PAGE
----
What recumbent bikes do for abs

Written by g.d. palmer
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What recumbent bikes do for abs
Tandem recumbent cycles allow two people to ride at once. (Medioimages/Photodisc/Photodisc/Getty Images)

Recumbent bicycles are unusual-looking vehicles that place the rider in a reclining position to cycle. This position offers greater ergonomic comfort and better weight distribution than a traditional diamond frame bicycle, but can also make riders hard to see in traffic. Recumbent bikes work different muscle groups than an ordinary bicycle, including the lower abdominal muscles.


Recumbent bicycles require the user to recline while pedaling, changing the way the stresses of cycling affect the body. Some bicycles may recline the rider only slightly, while others place riders in a nearly horizontal position. Recumbent bicycles rely less on the upper body and arms, and more on the lower body, including the legs and lower torso. According to 3 Fat Chicks on a Diet, recumbent bicyclists can get the greatest abdominal benefit by cycling with the seat set closer to the legs to target the lower abs.


With the seat set back and the legs lower, a recumbent bicycle can also relax the abdominal muscles. This offers deeper breathing that can help make a strenuous workout easier to finish, assisting people who have respiratory problems.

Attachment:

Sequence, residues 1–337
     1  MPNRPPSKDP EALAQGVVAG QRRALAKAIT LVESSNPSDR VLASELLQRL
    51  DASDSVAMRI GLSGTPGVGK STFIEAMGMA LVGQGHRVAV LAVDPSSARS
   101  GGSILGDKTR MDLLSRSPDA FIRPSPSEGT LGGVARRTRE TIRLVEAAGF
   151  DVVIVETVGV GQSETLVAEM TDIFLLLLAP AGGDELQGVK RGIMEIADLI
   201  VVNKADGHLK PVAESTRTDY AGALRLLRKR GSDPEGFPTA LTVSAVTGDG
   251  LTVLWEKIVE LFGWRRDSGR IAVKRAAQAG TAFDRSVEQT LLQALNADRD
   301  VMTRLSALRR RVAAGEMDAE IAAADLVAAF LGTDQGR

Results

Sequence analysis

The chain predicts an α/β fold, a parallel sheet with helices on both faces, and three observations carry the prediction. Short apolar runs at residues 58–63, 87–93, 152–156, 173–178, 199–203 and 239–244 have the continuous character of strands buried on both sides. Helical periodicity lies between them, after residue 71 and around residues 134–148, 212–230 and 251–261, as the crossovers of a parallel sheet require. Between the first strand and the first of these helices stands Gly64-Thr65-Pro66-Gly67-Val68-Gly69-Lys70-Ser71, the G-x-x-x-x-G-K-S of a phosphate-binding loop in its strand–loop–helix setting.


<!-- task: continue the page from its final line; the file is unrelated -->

According to Sheldon Brown's Bicycle Glossary, a recumbent bicycle is any vehicle in which the rider sits in a more or less horizontal position. Major types of recumbent bicycles include long wheel base types, which have efficient chains but poor weight distribution; compact long wheel base, which tuck the rear wheel under the seat to redistribute weight; and short wheel base, which place the front wheel behind the bottom bracket for maneouverability. Different recumbent setups may affect the abdominal muscles in different ways, with abdominal involvement increasing as the rider reclines more.


In addition to working the abdominal muscles more than a conventional bicycle, a recumbent model can also reduce pain in other parts of the body, allowing for longer cycling and a more intense workout. For instance, according to Gretchen Konrady, recumbent bicycles can ease hand and neck pain and help asthma sufferers breathe more easily while exercising. Recumbent bikes also tend to reduce stress on the knee and ankle joints, allowing riders with leg injuries to ride more easily. According to BikeRoute, recumbent cycles can also reduce the risk of impotence in male cyclists who engage in strenuous workouts.


Recumbent handcycles are often used by people with disabilities affecting their legs. These cycles are powered using the hands and arms. Some types, called trunk powered hand cycles, use the abdominal muscles for power. These are primarily used for racing, and make use of the weight of the upper body to power the stroke.

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